Smoking, hypertension, diabetes & obesity each linked to poor brain health

  • A large study has found that smoking, high blood pressure, diabetes, and obesity are each linked to more brain atrophy, and damage to white matter.
  • The more of these you have, the greater the shrinkage and damage.

Brain scans of 9,772 people aged 44 to 79, who were enrolled in the UK Biobank study, have revealed that smoking, high blood pressure, high pulse pressure, diabetes, and high BMI — but not high cholesterol — were all linked to greater brain shrinkage, less grey matter and less healthy white matter.

Smoking, high blood pressure, and diabetes were the most important factors, but there was also a compound effect, with the number of vascular risk factors being associated with greater damage to the brain. On average, those with the highest vascular risk had nearly 3% less volume of grey matter, and one-and-a-half times the damage to their white matter, compared to people who had the lowest risk.

The brain regions affected were mainly those involved in ‘higher-order’ thinking, and those known to be affected early in the development of dementia.

The associations were as strong for middle-aged adults as for older ones, suggesting the importance of tackling these factors early.

While the effect size was small, the findings emphasize how vulnerable the brain is to vascular factors even in relatively healthy adults. This also suggests the potential of lifestyle changes for fighting cognitive decline.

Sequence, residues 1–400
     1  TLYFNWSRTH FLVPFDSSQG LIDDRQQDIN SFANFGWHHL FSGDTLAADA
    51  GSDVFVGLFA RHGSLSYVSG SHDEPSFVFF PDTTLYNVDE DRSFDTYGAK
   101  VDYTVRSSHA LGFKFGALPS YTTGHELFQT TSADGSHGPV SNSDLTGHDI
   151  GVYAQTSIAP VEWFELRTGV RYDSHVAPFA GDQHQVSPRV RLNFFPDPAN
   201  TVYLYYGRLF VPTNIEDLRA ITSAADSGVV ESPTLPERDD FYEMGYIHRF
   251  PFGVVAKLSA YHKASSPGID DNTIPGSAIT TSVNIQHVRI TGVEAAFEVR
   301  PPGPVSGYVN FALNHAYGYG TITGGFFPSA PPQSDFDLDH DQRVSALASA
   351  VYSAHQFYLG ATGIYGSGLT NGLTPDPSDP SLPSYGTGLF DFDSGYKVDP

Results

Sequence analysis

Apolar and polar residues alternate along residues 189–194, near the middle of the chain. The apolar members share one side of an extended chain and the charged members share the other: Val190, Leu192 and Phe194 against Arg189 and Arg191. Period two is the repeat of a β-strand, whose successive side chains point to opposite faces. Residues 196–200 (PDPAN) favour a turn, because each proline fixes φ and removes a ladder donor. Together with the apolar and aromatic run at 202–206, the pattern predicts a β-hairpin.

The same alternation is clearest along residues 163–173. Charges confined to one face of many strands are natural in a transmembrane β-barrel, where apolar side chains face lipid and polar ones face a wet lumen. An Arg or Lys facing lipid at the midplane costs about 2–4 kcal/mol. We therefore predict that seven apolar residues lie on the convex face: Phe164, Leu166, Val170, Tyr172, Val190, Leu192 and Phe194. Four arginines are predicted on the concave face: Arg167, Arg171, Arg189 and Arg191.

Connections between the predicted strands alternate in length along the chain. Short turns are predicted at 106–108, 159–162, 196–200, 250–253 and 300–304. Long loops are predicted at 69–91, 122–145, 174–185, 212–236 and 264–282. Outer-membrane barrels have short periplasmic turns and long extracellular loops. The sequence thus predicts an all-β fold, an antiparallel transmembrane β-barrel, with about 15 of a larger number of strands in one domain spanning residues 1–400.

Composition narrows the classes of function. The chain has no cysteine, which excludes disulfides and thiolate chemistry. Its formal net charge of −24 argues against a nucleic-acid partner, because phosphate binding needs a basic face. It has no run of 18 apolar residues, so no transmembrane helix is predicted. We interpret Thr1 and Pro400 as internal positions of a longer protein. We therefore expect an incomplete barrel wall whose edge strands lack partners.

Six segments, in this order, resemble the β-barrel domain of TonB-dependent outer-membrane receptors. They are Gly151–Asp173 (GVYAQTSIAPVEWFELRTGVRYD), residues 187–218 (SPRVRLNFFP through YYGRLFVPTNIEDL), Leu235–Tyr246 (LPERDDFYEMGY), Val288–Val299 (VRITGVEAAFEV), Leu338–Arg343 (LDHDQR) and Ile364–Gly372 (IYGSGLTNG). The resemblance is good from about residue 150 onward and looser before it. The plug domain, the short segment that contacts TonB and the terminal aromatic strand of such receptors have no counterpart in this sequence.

Although this study didn't itself examine cognitive performance in its participants, other studies have shown links between cognitive impairment and vascular risk factors, particularly diabetes, obesity, hypertension, and smoking.

https://www.eurekalert.org/pub_releases/2019-03/esoc-shb030719.php

Cognitive decline in type 2 diabetes linked to white matter hyperintensities

While type 2 diabetes has been associated with cognitive problems, the mechanism has been unclear. Now a study involving 93 people with type 2 diabetes has found that greater white matter hyperintensities (indicative of cerebral small vessel disease) were associated with decreased processing speed (but not with memory or executive function).

https://www.eurekalert.org/pub_releases/2018-09/w-rem091818.php

Reference: 

Cox, Simon R. et al. 2019. Associations between vascular risk factors and brain MRI indices in UK Biobank. European Heart Journal. doi:10.1093/eurheartj/ehz100

[4395] Mankovsky, B.., Zherdova N.., van den Berg E.., Biessels G.-J.., & de Bresser J..
(2018).  Cognitive functioning and structural brain abnormalities in people with Type 2 diabetes mellitus.
Diabetic Medicine. 35(12), 1663 - 1670.

 

Related News

Recent rodent studies add to our understanding of how estrogen affects learning and memory.

Previous research has indicated that obesity in middle-age is linked to higher risk of cognitive decline and dementia in old age.

A review of brain imaging and occupation data from 588 patients diagnosed with frontotemporal dementia has found that among the dementias affecting those 65 years and younger, FTD is as common as Alzheimer's disease.

A 12-year study following the drinking and smoking habits of 22,524 people aged 39-79 has found that in non-smokers, people who consumed moderate amounts of alcohol were 37% less likely to develop stroke than non-drinkers. This association was not found among smokers.

Pages

Subscribe to Latest newsSubscribe to Latest newsSubscribe to Latest health newsSubscribe to Latest news